A lot can go sideways on long road trips. Is your car up to the challenge? Equipping your vehicle for quick response can distinguish between a temporary inconvenience and a life-or-death scenario.
It all begins with proper planning. Preparing yourself and your ride requires a touch of forethought, but you have ample others from whom you can learn — there’s no need for costly trial and error. Here’s what you should know about equipping your vehicle for quick response in critical moments on your trip.
Get a Thorough Vehicle Inspection
If you live in a state requiring them, it may be a surprise that some jurisdictions don’t enact minimum standards to ensure the vehicles hitting the road are safe. It doesn’t take a vivid imagination to recognize the dangers that can occur if a breakdown happens at 75 mph.
Furthermore, many amateur mechanics fail to recognize how various car components affect one another. A novice may mistakenly believe that worn struts mean little more than a bumpy ride. However, failing to replace them when necessary affects all of the following:
- Steering system
It’s not hard to see how one easily overlooked part can cause trouble. Your solution? Find a mechanic qualified in your vehicle’s type to perform a thorough preflight checklist before you hit the road. Your dealer is a wise first choice if you don’t know anyone — although you might pay more, they specialize in your make and model and faulty repairs could void your warranty.
Carry the Right Gear
Once you prep your ride, much of equipping your vehicle for quick response in critical moments boils down to carrying the right gear — and knowing how to use it. The most comprehensive pre-assembled kits in the world won’t help you in an emergency if you get caught in a learning curve at a critical moment. The time to master Epi-pen use is before you enter anaphylactic shock.
1. First Aid
A well-stocked first aid kit is your first order of business. At a minimum, it should contain the following:
- Personal protective equipment (PPE) like masks and gloves
- Antibiotic wash and ointment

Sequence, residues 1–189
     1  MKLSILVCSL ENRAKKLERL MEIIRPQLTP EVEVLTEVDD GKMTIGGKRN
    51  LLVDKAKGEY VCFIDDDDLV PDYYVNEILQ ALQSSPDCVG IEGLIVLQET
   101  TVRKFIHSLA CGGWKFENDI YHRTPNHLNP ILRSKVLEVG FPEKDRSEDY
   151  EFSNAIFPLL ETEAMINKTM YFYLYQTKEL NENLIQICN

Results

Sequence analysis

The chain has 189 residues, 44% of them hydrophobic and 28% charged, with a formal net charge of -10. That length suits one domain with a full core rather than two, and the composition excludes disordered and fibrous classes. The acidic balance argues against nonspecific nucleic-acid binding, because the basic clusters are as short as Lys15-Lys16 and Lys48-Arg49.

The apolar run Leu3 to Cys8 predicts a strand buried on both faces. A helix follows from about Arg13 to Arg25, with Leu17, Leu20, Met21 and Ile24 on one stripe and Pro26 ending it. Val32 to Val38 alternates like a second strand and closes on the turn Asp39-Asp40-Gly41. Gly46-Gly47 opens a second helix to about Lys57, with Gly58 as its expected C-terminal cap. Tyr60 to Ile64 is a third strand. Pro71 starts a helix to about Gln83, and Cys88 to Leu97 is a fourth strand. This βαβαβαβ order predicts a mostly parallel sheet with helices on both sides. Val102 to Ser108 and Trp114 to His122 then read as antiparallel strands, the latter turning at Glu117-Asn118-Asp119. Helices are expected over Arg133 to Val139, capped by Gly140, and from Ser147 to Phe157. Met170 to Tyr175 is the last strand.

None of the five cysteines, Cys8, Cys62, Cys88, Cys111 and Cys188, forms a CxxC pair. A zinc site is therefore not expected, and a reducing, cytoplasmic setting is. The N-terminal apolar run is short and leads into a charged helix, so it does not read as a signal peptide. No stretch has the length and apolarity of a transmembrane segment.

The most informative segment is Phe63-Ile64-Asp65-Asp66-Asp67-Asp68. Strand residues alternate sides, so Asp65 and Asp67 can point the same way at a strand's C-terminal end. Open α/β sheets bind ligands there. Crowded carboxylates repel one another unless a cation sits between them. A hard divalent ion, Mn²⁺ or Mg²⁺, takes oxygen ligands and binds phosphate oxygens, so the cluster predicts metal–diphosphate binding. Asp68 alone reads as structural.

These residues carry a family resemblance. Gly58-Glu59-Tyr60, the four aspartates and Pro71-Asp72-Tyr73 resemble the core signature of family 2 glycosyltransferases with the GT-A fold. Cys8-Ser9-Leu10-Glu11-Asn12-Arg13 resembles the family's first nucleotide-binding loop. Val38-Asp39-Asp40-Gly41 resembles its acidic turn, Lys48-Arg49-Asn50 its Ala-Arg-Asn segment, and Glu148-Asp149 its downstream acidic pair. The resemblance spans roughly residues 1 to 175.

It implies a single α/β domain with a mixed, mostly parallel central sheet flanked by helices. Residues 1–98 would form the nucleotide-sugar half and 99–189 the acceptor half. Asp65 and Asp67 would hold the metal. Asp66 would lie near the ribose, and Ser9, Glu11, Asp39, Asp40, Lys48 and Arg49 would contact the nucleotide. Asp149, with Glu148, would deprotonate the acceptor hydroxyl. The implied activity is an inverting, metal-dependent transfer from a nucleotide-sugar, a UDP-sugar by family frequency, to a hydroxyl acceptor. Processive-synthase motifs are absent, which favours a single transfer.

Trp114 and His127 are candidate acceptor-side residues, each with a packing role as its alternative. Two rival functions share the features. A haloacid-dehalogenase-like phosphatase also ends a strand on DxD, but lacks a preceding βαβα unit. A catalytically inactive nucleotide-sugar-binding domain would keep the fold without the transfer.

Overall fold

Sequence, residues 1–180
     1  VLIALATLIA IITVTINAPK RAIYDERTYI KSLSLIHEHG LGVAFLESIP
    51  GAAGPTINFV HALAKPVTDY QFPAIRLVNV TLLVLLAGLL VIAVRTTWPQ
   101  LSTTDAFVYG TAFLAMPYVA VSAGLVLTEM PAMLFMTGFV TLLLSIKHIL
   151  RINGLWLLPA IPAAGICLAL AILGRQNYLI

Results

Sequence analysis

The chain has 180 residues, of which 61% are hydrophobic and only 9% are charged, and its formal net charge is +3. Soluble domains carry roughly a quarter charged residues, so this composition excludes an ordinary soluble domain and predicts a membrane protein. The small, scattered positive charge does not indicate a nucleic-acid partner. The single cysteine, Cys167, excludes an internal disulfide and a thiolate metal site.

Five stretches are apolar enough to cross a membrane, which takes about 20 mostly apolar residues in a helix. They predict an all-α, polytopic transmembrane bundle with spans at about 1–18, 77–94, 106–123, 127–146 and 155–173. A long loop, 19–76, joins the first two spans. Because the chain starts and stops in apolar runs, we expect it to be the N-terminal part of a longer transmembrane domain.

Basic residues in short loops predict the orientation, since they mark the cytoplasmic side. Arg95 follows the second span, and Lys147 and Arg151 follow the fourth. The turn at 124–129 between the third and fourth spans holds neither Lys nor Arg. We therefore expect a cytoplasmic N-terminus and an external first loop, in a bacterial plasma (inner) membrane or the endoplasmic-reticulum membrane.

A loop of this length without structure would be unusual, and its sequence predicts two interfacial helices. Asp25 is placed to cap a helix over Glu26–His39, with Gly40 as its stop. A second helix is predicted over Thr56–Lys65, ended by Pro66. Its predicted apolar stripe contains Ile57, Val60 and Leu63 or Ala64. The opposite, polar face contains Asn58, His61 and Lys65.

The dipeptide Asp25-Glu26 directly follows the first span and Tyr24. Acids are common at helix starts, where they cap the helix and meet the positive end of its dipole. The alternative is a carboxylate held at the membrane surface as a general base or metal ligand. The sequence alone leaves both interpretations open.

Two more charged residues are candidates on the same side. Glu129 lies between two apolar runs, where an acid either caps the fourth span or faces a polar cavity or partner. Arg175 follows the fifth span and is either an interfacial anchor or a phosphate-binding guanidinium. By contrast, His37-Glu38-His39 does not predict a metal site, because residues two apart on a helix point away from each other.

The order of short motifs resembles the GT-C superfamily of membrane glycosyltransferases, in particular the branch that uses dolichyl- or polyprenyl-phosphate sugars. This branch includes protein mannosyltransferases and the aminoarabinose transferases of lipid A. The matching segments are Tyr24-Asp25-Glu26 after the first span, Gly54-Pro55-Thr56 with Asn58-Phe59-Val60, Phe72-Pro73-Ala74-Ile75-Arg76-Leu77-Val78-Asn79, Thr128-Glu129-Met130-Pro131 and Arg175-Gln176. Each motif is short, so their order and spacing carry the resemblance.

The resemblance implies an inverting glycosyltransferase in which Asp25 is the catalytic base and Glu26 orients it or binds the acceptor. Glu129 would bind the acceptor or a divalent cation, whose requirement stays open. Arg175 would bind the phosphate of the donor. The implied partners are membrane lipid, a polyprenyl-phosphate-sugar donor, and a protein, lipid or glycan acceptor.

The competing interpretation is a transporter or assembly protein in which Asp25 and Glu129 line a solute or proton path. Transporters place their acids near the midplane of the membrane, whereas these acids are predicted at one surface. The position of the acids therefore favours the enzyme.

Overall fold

- Various bandages, wraps and gauze
- Adhesive tape
- Cold compresses
- Scissors and tweezers
- Clean drinking water and purifiers
- Emergency medicines for acute interventions, such as Epi-pens, insulin and high-sugar foods
It’s also wise to carry an extra stash of prescriptions and acetaminophen for pain relief. NSAIDS like aspirin and Advil can make bleeding worse.
The right tools can get you back on the road if something happens to your ride. But what if you aren’t handy? First, check your insurance. Many policies include roadside assistance but limit its applicability to a few miles from your home — not helpful on a cross-country trek. A supplement like Triple A can be a lifesaver.
However, it’s still wise to learn your way around a wrench, if only to avoid waiting hours for help to arrive. Here’s a handy list of essentials to keep in your ride at all times, especially on longer treks:
- A socket set
- Various wrenches
- A hammer or mallet
- Assorted screwdrivers
- Pliers and wire cutters
- A jack, jack stand and spare tire
- Triangles and emergency flares
- Jumper cables
- A headlamp so you can see while keeping your hands free
- An OBD-II scanner
- Factory service manual
- Zip ties and duct tape
- Oil, antifreeze and emergency tire repair
Finally, consider the elements. Countless people have run into trouble on winter roads, from ice and snow as well as the resulting traffic jams. It’s easy to forget safety when running from one heated building to another — but what if you get caught behind a 20-car pileup for hours in subzero temperatures? Ensure you have adequate clothing to withstand the elements, including sturdy shoes, in case you have to abandon your vehicle and walk to safety.
Although we mentioned water as a first aid supply, it bears repeating. You should carry at least one gallon per person per day or a purifier for the same reason. Use common sense — for example, your needs may increase in desert areas. Plus, while you can survive for quite some time without food, a snack or two can improve morale, especially if traveling with children.
Master Your Equipment
Equipping your vehicle for quick response during critical moments is only half the battle. The most important tool you should outfit is your mind.
Many community colleges offer basic automotive courses that anyone can take, even if you never plan to become a mechanic. Who knows? You might discover a fun new pastime by investing in a junker and following YouTube videos until you can swap a leaky radiator faster than a pit crew at the Indy 500.
The American Red Cross and the American Heart Association offer basic first aid and CPR classes, which, frankly, should be prerequisites for owning a human body. Your employer might require certification, but if not, check with your local parks and recreation department for upcoming course offerings.
Equipping Your Vehicle for Quick Response
Equipping your vehicle for quick response in critical moments requires a proactive approach. You need the right gear and the know-how to use it.
Before your next road trip, take the above steps to enhance your safety and peace of mind. Your passengers appreciate riding with a knowledgeable guide at the helm, and you’ll feel secure in your ability to tackle any roadblocks you may encounter.